This study tested whether ischemia-reperfusion alters coronary smooth muscle reactivity to vasoconstrictor stimuli such as those elicited by an adventitial stimulation with methacholine. In vitro studies were performed to assess the reactivity of endothelium-denuded infarct-related coronary arteries to methacholine (n = 18). In addition, the vasoconstrictor effects of adventitial application of methacholine to left anterior descending (LAD) coronary artery was assessed in vivo in pigs submitted to 2 h of LAD occlusion followed by reperfusion (n = 12), LAD deendothelization (n = 11), or a sham operation (n = 6). Endothelial-dependent vasodilator capacity of infarct-related LAD was assessed by intracoronary injection of bradykinin (n = 13). In vitro, smooth muscle reactivity to methacholine was unaffected by ischemia-reperfusion. In vivo, baseline methacholine administration induced a transient and reversible drop in coronary blood flow (9.6 ± 4.6 to 1.9 ± 2.6 ml/min, P < 0.01), accompanied by severe left ventricular dysfunction. After ischemia-reperfusion, methacholine induced a prolonged and severe coronary blood flow drop (9.7 ± 7.0 to 3.4 ± 3.9 ml/min), with a significant delay in recovery (P < 0.001). Endothelial denudation mimics in part the effects of methacholine after ischemia-reperfusion, and intracoronary bradykinin confirmed the existence of endothelial dysfunction. Infarct-related epicardial coronary artery shows a delayed recovery after vasoconstrictor stimuli, because of appropriate smooth muscle reactivity and impairment of endothelial-dependent vasodilator capacity.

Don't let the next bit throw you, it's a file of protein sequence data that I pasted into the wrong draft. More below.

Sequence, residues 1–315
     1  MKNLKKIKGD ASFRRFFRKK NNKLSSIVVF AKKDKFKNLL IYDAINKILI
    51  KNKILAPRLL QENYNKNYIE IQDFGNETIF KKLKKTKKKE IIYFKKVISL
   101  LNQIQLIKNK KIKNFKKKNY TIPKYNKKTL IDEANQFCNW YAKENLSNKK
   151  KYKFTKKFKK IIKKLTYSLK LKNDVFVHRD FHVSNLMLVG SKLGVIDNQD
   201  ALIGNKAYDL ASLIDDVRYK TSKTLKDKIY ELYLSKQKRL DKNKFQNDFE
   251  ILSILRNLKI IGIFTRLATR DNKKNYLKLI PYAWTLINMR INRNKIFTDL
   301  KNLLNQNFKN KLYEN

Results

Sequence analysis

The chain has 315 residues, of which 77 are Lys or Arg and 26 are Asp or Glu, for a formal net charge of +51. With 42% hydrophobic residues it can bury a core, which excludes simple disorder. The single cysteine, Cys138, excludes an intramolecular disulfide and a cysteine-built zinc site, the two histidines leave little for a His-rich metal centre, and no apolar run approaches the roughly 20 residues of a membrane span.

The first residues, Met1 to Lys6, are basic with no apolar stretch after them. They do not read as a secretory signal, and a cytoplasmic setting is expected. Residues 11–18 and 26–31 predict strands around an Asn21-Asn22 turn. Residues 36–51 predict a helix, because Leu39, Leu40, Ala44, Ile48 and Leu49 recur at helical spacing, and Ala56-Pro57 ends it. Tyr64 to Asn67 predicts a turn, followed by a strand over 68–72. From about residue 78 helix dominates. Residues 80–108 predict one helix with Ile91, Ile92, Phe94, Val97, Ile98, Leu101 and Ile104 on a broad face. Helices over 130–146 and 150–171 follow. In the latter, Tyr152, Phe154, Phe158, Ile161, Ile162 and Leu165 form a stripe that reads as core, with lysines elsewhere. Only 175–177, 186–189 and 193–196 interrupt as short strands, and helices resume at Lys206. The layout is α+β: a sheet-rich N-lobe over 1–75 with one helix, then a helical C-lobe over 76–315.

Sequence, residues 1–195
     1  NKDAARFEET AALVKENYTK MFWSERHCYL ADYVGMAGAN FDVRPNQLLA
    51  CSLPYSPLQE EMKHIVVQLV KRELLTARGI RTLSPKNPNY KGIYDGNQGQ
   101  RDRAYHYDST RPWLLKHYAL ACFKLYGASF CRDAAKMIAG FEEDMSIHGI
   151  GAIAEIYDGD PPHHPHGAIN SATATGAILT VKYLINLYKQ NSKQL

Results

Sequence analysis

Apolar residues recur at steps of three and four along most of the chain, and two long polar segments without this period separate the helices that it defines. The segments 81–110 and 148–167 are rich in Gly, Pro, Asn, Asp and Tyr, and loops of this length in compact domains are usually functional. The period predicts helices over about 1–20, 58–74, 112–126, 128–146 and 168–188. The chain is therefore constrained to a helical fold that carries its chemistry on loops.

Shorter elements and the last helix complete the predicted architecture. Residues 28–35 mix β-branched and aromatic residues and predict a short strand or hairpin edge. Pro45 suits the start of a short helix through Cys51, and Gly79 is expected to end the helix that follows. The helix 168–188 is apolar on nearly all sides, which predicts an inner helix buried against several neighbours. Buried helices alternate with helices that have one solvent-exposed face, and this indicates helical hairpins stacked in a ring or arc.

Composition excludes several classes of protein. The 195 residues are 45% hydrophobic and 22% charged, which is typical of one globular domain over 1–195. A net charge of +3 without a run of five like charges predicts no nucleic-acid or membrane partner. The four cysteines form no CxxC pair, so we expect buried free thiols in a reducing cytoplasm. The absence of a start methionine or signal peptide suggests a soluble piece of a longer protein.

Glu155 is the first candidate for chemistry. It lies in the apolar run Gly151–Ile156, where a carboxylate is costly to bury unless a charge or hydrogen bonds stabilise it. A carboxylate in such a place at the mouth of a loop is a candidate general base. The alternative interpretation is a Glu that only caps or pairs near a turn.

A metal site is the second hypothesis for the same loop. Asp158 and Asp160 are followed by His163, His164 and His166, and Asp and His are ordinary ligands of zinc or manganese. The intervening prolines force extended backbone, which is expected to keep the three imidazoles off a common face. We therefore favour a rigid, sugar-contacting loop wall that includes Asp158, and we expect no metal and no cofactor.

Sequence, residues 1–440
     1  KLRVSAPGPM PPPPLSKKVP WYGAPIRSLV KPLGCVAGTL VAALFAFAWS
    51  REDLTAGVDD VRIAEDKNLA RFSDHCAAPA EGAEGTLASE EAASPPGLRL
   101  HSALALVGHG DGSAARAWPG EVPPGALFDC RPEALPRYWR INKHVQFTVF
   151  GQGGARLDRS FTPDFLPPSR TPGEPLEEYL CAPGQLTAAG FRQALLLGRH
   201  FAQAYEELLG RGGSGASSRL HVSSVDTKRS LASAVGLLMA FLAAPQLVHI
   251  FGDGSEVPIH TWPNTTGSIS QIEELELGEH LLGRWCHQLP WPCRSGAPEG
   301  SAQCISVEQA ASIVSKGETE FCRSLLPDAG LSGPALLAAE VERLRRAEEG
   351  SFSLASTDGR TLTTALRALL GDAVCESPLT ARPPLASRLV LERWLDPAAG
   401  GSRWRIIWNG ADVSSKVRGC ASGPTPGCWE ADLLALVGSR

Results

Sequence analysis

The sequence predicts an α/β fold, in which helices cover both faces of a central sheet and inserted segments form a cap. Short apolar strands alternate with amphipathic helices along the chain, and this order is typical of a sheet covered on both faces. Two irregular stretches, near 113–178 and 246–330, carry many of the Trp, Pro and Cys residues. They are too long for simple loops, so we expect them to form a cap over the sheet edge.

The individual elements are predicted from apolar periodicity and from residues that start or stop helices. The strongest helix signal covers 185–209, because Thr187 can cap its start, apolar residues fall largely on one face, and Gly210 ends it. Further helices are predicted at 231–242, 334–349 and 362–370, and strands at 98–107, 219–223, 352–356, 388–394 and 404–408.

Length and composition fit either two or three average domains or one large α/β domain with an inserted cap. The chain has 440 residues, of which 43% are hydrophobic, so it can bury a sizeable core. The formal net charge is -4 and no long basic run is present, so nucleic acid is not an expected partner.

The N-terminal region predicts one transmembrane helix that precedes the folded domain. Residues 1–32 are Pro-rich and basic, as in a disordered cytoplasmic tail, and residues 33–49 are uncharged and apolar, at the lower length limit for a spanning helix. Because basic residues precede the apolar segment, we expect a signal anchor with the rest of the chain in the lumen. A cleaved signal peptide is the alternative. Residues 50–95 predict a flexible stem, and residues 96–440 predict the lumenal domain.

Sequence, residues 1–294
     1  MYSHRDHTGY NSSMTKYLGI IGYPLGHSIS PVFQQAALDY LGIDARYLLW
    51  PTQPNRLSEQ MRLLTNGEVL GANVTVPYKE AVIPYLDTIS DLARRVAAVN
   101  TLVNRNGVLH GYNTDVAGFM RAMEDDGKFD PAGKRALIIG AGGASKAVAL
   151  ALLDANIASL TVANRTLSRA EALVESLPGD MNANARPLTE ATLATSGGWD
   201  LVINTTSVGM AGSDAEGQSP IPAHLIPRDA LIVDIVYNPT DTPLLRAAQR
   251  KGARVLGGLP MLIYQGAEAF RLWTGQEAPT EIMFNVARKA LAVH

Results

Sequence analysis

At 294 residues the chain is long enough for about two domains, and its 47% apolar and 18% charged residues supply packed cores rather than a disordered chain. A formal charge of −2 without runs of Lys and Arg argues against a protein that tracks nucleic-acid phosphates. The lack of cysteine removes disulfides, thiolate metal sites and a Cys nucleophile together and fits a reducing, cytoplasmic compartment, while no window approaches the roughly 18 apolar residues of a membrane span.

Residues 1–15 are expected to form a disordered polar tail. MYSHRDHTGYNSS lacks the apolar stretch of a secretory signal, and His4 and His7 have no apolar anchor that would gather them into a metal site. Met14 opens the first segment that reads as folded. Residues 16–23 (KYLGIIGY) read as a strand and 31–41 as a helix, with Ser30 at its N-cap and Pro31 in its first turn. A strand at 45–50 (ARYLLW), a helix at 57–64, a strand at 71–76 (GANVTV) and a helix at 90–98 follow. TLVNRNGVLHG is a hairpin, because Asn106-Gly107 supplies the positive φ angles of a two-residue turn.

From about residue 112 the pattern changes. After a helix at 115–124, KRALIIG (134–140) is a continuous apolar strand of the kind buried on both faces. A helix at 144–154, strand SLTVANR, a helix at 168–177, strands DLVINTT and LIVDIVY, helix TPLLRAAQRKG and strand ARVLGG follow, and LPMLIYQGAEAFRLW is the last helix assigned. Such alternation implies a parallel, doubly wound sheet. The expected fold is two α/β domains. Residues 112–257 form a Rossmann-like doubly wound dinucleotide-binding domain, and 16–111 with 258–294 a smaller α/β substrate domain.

- Cholinergic agonists